var result = [];
  var temp;
  var year = start.getFullYear();
  var month = start.getMonth();
  var startDay = start.getDate();
  for (var i=0; i<count; i++) {
    temp = new Date(year, month + i, startDay);
    if (temp.getDate() != startDay) temp.setDate(0);
    result.push(temp);
  }
  return result;
}

// Start on 31 Jan in leap year
getMonthlyDates(new Date(2016,0,31), 4).forEach(d => console.log(d.toString()));
// Start on 31 Jan not in leap year
getMonthlyDates(new Date(2018,0,31), 4).forEach(d => console.log(d.toString()));

// Start on 30 Jan
getMonthlyDates(new Date(2018,0,30), 4).forEach(d => console.log(d.toString()));
// Start on 5 Jan
getMonthlyDates(new Date(2018,0,5), 4).forEach(d => console.log(d.toString()));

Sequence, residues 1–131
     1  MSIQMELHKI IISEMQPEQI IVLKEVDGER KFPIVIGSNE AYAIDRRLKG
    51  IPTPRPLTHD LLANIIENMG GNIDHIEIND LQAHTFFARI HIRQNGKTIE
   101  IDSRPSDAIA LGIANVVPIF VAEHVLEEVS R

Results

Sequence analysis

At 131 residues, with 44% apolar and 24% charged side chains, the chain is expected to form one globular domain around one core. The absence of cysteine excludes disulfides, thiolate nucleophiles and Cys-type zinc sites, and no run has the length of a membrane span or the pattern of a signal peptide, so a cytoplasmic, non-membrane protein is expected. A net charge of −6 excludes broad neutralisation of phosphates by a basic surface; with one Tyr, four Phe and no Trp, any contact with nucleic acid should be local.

• Thanks for the code. +1 for the demo. – TheHive Aug 2 at 4:33

Use this approach:

Javascript Date Object – Adding and Subtracting Months

From the Author

There is a slight problem with the Javascript Date() Object when trying to advance to the next month or go back to the previous month.

For example, if your date is set to October 31, 2018 and you add one month, you'd probably expect the new date to be November 30, 2018 because November 31st doesn't exist. This, however, isn't the case.

Javascript automatically advances your Date object to December 1st. This functionality is very useful in most situations(i.e. adding days to a date, determining the number of days in a month or if it's a leap year), but not for adding/subtracting months. I've put together some functions below that extend the Date() object: nextMonth() and prevMonth().

function prevMonth() {
  var thisMonth = this.getMonth();
  this.setMonth(thisMonth - 1);
  if (this.getMonth() != thisMonth - 1 && (this.getMonth() != 11 || (thisMonth == 11 && this.getDate() == 1)))